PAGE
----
Summer is a time to relax, a time to nurture experiences which will help to sustain you when the season changes and the demands of work and life seem to accelerate. What follows is a short meditation on kayaking which I wrote during a recent vacation week.
Today I paddled a kayak across Crescent Lake in Wolfeboro, New Hampshire. Crescent Lake is much smaller than the nearby Lake Winnipesaukee and has the virtue of being much quieter during a weekday jaunt. Why do I like to do it? There’s the exercise of course – an hour kayak ride can be the major workout of your day. It’s also an ideal way to observe nature at close quarters. For example, ten minutes into my ride today, I paddled near a rock and noticed an unusual formation. On top of the grey rocks, a large, olive-hued turtle was sunning itself. I smiled and paddled by without disturbing this creature of the wild. Later, I navigated from the lake unto a narrow stream which serves as a causeway between Crescent Lake and the much larger Lake Wentworth. Along the route, white birches helped mark the shorelines.
I reached the larger lake, then circled back to stay within my target timing for the voyage. Along the return route, the only other boats I saw were fellow kayakers and the lake surface grew smoother. About halfway back, I heard a distinctive loud call—the cry of the loon. Sure enough, just up ahead, I saw the distinctive long black neck of a loon skimming across the lake’s surface, before it dove under water to go looking for live fish. The loons won’t be found on a day when the motorboats dominate the lake, so their presence helps mark times when the kayak experience can be both quiet and offer opportunities to commune with nature in her various aspects, be they fish, fowl or fauna.
So, what about the spiritual aspect? Kayaking on your own is a solitary pursuit. It’s just you, the kayak, the water and whatever else you see along the way. I never feel closer to the community of life than I do when I’m out exploring nature in a direct way.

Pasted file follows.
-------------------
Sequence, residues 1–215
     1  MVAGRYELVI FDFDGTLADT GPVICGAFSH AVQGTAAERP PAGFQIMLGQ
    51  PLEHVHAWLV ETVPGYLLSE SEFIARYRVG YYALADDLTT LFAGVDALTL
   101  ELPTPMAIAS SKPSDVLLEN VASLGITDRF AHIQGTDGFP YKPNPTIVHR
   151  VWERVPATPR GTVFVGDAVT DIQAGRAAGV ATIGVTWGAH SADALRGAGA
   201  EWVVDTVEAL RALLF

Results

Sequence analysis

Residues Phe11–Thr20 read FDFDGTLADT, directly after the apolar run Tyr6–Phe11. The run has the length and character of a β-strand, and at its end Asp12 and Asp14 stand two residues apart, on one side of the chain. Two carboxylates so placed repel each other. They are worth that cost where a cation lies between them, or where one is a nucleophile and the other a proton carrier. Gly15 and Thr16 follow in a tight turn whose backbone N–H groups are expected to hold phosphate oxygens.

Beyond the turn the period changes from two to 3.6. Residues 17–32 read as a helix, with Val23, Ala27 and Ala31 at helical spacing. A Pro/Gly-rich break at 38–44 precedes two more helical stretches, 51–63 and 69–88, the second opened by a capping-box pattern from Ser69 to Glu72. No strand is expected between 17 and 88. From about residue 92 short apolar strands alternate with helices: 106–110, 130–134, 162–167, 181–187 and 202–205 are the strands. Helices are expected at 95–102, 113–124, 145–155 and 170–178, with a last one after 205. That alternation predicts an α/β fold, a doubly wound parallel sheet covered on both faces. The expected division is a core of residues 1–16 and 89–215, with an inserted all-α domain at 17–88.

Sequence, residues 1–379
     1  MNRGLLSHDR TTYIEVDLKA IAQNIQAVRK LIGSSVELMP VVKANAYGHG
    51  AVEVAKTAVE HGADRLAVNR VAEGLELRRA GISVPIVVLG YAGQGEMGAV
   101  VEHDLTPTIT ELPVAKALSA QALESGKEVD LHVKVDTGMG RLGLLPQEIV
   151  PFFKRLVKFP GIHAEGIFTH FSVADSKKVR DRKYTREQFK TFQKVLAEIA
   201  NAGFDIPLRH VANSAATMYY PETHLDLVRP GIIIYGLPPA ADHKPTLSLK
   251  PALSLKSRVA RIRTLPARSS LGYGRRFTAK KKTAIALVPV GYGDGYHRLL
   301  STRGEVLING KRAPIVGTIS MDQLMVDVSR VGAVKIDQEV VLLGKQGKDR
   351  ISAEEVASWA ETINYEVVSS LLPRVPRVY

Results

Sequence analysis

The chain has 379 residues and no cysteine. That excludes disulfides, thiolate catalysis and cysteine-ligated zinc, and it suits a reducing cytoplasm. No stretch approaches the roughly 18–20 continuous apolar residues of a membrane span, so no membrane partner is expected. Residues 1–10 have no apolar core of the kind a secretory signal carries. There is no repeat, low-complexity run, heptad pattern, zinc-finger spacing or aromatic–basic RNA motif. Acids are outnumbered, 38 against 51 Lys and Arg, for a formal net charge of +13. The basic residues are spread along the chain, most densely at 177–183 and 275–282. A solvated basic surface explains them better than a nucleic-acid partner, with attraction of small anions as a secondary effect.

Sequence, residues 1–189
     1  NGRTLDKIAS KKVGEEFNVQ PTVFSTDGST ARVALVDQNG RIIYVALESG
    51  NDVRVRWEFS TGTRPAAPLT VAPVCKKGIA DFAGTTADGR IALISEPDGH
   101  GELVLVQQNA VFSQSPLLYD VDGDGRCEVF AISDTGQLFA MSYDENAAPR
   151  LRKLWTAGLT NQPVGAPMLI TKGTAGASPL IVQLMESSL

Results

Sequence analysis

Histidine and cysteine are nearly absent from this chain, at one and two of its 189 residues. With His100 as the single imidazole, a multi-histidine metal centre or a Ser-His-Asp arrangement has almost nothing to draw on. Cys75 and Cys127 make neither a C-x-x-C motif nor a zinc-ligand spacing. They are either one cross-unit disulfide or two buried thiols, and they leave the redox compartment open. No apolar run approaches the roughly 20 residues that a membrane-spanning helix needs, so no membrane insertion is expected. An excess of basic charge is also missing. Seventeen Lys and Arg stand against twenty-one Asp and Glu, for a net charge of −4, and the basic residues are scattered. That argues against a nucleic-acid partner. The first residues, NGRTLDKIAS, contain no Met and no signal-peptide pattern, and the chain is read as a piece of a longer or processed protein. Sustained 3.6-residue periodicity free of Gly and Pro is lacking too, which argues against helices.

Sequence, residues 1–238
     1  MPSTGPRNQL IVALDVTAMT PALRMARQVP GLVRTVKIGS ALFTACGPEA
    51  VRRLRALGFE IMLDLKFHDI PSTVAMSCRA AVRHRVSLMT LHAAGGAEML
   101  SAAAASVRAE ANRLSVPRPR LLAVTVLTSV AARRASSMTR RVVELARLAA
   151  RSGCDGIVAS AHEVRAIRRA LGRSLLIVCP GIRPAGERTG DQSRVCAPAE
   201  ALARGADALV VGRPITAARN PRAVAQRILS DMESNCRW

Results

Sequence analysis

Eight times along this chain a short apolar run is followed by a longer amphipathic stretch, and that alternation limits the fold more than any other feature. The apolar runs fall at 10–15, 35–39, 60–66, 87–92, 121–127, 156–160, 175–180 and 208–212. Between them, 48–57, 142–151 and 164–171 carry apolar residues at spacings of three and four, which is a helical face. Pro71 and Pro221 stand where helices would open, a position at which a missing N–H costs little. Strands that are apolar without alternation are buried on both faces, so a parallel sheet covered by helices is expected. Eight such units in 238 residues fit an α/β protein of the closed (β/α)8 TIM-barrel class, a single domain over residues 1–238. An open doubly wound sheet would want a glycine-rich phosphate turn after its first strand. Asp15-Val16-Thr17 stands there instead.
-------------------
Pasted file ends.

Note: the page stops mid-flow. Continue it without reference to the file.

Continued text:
Kayaking is a low footprint approach to engaging with nature and shares those attributes with other outdoor sports I enjoy such as hiking, bicycling and cross country skiing. During these moments, I can sense the connectedness between myself as a person and the rest of our planet. It’s also a fine time to offer up thanks to God or another spiritual representation you may relate to and to ponder the great beauties of nature around us, which were there before us and will be there after we have departed. In these times, it is also much easier to sense our role as stewards for the world around us. We are all part of a much bigger narrative than we tend to consider during the average day in the office or at home.
Take a ride on a kayak or a walk in the woods and you may find that your spiritual inner being is there waiting for you, ready to take you on journeys which will nourish you long after this particular day is done.
Are there particular activities which help you to relax and let your spiritual side engage with the world around you?